Thursday, July 16, 2009

The Perfect Child.

Having children is difficult.
We want so badly for them to be perfect.
Perfectly healthy, perfectly smart, perfectly happy.
We want others to look at our children and see their beaming perfection.
We want them to say "What a darling child. Isn't he just perfect!" or "How adorable, she's just the sweetest."
We want them to be perfect and we want that perfection to be recognized.
We want to take credit for their perfection.
"Why yes, she sleeps perfectly all night. Its because I wear her all day."
"Of course he's talking early. That's because I played music to him in the womb. Mozart."
We try not to expect too much. We try not to be too boastful. We even try not to let ourselves consciously put our kids forward to recieve undue attention, but in the end, at some point, we're all pretty guilty. That is, I'm assuming I'm not the only one who wants people to comment on how handsome my little man is riding around in his sling. And just in case you're wondering, he's quite handsome.
But here's the thing. Our children are perfectly themselves, but that's about it.
Sure, Mongoosine was born 100% couldn't be healthier, that is, after her heart restarted. But not a single "defect" on that child. She was completely coture. Unique and perfect. She wasn't the discount baby due to a backwards snap or a missed hemseam. No-sir-ee. Perfect.
When she was one she knocked a tooth out. It's replacement didn't grow in until she was about 7. So she spent years with me hoping no one realized that she had knocked it out. For a while it looked like maybe it hadn't grown in yet. Then it looked like maybe it just came out early, but I was constantly aware of it.
Then it did start to grow in, and, of all things, it grew in with a yellow stripe! But she's still my perfect little girl. My perfect little girl, with a yellow striped tooth. (Darn you tooth bud nerve damage!)
All in all, I'd never had to think about soemthing being "wrong" with my baby girl.
But then my PERFECT little boy was born. Did I mention that he's perfect? Just thought you should know that before we go any further.
i already knew he had all ten fingers and toes, and all the other appropriate bones, because the ultrasound showed them all quite clearly, so I wasn't worried about a sixth toe or horns or anything like that, and was therefore not surprised when he came out looking more or less "Perfect." Sure, he had one heck of a case of the white pimply bumps that so many newborns come with, but that was okay and to be expected. If you've ever pushed a kid out, or had it cut out, for that matter, then you know that they don't come out looking like the newborns on television.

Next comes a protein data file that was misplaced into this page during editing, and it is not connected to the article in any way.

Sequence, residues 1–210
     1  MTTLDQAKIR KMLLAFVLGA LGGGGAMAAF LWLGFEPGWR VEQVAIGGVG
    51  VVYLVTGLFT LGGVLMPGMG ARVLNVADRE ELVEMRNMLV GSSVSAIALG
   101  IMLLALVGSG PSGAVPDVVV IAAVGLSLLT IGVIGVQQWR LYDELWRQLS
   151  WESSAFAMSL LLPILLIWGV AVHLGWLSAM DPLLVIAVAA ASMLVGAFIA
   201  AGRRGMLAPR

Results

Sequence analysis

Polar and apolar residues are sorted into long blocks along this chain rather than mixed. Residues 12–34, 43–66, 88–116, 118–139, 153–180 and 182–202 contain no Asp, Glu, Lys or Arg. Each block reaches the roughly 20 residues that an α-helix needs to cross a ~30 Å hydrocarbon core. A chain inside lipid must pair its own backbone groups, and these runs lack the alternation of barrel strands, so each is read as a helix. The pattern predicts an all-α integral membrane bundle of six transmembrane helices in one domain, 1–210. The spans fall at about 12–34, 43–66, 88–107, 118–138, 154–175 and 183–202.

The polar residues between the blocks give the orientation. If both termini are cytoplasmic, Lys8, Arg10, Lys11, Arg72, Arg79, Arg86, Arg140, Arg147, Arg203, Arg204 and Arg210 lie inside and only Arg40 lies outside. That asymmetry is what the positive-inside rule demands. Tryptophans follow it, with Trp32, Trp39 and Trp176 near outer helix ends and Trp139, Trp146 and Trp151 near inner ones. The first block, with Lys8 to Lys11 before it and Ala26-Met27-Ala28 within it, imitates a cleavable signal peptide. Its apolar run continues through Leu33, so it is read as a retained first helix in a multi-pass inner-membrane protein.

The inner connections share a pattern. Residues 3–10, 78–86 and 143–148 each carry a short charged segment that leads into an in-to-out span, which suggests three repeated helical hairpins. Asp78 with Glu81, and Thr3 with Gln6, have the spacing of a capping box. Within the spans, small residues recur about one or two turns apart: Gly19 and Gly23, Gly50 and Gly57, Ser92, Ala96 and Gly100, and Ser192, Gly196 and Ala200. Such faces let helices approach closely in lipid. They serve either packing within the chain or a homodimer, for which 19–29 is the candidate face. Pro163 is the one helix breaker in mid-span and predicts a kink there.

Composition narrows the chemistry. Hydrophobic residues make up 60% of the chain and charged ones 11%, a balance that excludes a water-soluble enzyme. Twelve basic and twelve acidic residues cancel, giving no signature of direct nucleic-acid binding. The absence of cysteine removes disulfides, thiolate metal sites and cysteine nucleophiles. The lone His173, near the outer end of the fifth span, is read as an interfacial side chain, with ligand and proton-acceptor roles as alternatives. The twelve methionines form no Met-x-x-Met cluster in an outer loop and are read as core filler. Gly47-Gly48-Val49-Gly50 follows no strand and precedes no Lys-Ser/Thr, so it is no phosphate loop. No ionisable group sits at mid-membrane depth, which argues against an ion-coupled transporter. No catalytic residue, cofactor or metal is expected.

They're wrinkly and crinkly and look a lot more like Winston Churchill or a naked chicken than anything else.
But they're PERFECT, you hear me? Perfect.
Well, it turned out that there was a very inconsequential anomoly, hydrocele. It's already starting to go down, so that's good.
I admit, I was, a little sad that he was perfect except for this one little thing.
I didn't know it was two. I'm not counting the stork bite.
And yes, it's whiny of me, but there's this other thing I found out about today.
I've been noticing that when he's sleeping, really deeply sleeping, he sometimes makes these strange high pitched barking noises when he's breathing in. It wakes me up, and so I casually mentioned it to the doctor today expecting to be told "kids make all sorts of noises. If it's not waking him up, don't worry about it."
Well, that's not what he said.
He listened to his lungs more thoroughly than I've ever seen a kid get his lungs listened to, and looked at his throat, and then showed me a windy cord like telephones had. The one hooking the lighted scope for the ears and nose.
Then he started describing the sturcture of the trachea. How it's built of rings of muscles. Then he collapsed the loops onto one another. Aparently that's what Snapdragon's airway is doing when he gets into that deeply relaxed stage of sleep where all the muscles go slack. It's collapsing.
That's right. He said my son's airway is collapsing.
Laryngomalacia. Try saying that three times fast.
It's allegedly quite common, and I'm told I shouldn't worry about it.
I don't think I'm going to be sleeping well for a while, but from what google has told me, I should go ahead and let myself sleep.
All the resources I've now read since 10:30 this morning agree with my doctor. Give him a few months, and he should be just perfect.

2 reflections:

Jennifer said...

I'm sorry Snapdragon has this. My neice was born with Laryngomalacia also, and as scary as it was for my sister, she did eventually out grow it and is "perfect" now (at least in my sister's eyes:)

Upstatemomof3 said...

Oh man! How scary!!!! I can only imagine but I don't think I would be sleeping too well either.